Valley News – Strafford brings back remote meeting option

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STRAFFORD — Residents of Strafford will once again have the option of attending or participating in town selection committee meetings remotely, although the town hopes volunteers will come forward to help administer the online platform.

On August 10, the Selection Committee voted 3-2 to return to a hybrid meeting format, allowing residents to choose to attend meetings in person or remotely via the Zoom virtual platform. The vote overturns a previous board decision on June 29, when the board voted 3-1 to cease the use of Zoom, citing board frustrations with technology and communication issues.

Following Zoom’s shutdown, council members said they received at least 25 emails from residents asking council to reconsider, and were criticized by residents in comments on the city’s mailing list.

“I just didn’t want to fight this battle,” said selection committee chair Toni Pippy. ” We do not have the time. We have other work to focus on.

Pippy, who voted in June to end the use of Zoom, changed her vote following residents’ refusal, voting with board members David Paganelli and Brian Johnson to restore an online meeting option.

Pippy told the Valley News Monday that she still has strong concerns about providing a remote meeting option, due to its technical and communication challenges. Meetings were sometimes delayed or interrupted due to issues with the video or audio stream, or the inability to record a meeting for public records. Additionally, some online participants would have their video cameras turned off so that the board could not see their faces, or their microphones would not be on when they attempted to speak.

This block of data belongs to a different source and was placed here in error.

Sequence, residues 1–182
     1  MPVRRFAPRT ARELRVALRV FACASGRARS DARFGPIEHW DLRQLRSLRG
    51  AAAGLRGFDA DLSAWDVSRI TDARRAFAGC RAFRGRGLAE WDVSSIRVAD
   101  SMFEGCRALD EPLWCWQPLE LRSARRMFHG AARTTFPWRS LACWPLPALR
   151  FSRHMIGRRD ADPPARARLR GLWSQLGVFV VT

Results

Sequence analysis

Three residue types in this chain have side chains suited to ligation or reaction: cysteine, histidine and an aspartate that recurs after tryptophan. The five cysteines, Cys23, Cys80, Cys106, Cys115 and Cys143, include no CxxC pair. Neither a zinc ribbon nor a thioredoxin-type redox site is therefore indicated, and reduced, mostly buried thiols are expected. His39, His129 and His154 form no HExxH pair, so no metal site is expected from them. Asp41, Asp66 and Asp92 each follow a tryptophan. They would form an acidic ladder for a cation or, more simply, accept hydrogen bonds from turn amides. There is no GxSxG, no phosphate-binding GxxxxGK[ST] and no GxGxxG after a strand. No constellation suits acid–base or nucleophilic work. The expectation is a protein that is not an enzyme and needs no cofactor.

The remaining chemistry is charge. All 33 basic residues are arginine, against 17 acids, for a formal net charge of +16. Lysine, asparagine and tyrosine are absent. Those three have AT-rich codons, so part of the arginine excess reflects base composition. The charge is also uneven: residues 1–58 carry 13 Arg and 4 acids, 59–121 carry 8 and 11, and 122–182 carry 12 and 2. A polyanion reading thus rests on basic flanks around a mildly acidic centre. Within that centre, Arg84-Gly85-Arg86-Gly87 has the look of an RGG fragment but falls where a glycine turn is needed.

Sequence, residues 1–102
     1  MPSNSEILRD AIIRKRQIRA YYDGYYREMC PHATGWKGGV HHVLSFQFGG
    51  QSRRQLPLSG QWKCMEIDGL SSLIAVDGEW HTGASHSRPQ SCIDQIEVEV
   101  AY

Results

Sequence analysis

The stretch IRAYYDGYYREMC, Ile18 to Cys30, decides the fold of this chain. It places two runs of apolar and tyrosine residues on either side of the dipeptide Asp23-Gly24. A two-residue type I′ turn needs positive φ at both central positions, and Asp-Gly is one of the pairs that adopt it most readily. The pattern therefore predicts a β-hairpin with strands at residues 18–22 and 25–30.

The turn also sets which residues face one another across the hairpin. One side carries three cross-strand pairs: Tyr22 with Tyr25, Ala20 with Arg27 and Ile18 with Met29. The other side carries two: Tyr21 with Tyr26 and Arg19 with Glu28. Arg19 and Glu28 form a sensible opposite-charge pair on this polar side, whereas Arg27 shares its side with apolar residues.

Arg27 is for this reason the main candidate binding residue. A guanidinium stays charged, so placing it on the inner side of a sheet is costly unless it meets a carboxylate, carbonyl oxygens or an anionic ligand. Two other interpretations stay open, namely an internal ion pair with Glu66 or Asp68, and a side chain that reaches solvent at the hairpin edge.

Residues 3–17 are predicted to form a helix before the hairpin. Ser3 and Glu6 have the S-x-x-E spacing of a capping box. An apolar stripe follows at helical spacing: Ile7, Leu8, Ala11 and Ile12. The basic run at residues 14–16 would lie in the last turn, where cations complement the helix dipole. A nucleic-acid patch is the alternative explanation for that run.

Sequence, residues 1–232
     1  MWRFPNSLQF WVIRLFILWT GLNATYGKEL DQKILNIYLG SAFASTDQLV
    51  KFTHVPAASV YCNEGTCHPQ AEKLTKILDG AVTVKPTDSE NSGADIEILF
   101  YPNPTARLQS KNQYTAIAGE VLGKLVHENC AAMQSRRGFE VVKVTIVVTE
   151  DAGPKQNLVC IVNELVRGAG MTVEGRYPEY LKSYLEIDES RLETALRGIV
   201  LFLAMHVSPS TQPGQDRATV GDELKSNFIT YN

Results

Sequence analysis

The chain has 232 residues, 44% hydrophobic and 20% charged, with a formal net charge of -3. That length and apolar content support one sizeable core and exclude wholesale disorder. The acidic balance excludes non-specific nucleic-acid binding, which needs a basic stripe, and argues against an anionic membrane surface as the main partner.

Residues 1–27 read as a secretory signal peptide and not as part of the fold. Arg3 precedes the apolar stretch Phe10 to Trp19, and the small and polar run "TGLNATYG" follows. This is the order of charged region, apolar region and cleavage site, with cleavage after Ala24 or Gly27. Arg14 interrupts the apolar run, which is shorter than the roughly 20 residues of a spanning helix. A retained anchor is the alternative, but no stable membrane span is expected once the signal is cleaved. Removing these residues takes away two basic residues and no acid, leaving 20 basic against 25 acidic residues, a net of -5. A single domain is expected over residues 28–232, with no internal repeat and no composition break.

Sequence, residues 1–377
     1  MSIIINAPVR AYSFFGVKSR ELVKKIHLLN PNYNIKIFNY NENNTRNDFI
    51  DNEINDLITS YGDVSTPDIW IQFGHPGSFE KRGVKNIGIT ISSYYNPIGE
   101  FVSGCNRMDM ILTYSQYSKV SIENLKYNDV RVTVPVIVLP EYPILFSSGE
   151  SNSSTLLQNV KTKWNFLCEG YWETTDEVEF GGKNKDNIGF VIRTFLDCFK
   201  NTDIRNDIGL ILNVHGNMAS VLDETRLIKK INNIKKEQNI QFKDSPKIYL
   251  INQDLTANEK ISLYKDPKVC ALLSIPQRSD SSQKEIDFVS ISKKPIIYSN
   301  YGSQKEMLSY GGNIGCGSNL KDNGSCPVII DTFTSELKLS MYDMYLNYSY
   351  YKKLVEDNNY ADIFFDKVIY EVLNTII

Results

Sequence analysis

Board member Mary Linehan, who voted against taking over Zoom, said her main concern was the lack of experienced people willing to host Zoom meetings.

City Clerk Lisa Bragg typically hosts Zoom meetings, but when Bragg is unavailable, that responsibility falls to Linehan.

“Hosting Zoom isn’t easy,” Linehan said. “And no one else on the board knows how to do it.”

Linehan said she is no longer willing to volunteer as a Zoom host because it demands too much attention from her board responsibilities.

Council has discussed soliciting residents to host Zoom at meetings, although so far no residents have offered to volunteer, according to council members.

Although around 40 residents, in emails or comments, expressed support for Zoom’s takeover, “none of them stepped forward to ask if they could help (administer it)” , said Linehan. “Not one.”

If volunteers fail to emerge, selection committee meetings can only offer Zoom access when Bragg is available to host, Pippy said.

Pippy and Linehan said they believe the recent pushback from residents, including the emails to the board, was the result of an organized effort by one or two individual residents who had been strong advocates for maintaining the access to Zoom during the June 29 meeting.

“About 90% of them didn’t attend selection committee meetings,” Pippy noted. “So we’ll see how many people start attending (now).”

Pippy said she also took offense to residents who accused the council of not acting transparently. Rather, Pippy said, the board discussion on Zoom was held publicly and was posted on the meeting agenda.

“We’re transparent all the time, whether we’re using Zoom or not,” Pippy said. “The very idea that people thought we weren’t transparent bothered me.”

While Vermont law under Bill 78 allows city or school councils to meet entirely remotely under specific guidelines, until January 2023, the law does not require councils to offer an opt-in option to distance.

Strafford, a town of 1,094 people according to the 2020 census, has “variable” public attendance at town selection committee meetings depending on agenda items, from two to more than 25 people, according to members of the selection committee. The Zoom platform recorded an average of additional attendance between two and 10 people.

Pippy said she anticipates situations where a remote option is advantageous, such as a scheduled chat with a guest or government official who lives in another location, or when seasonal conditions make travel on local roads difficult.

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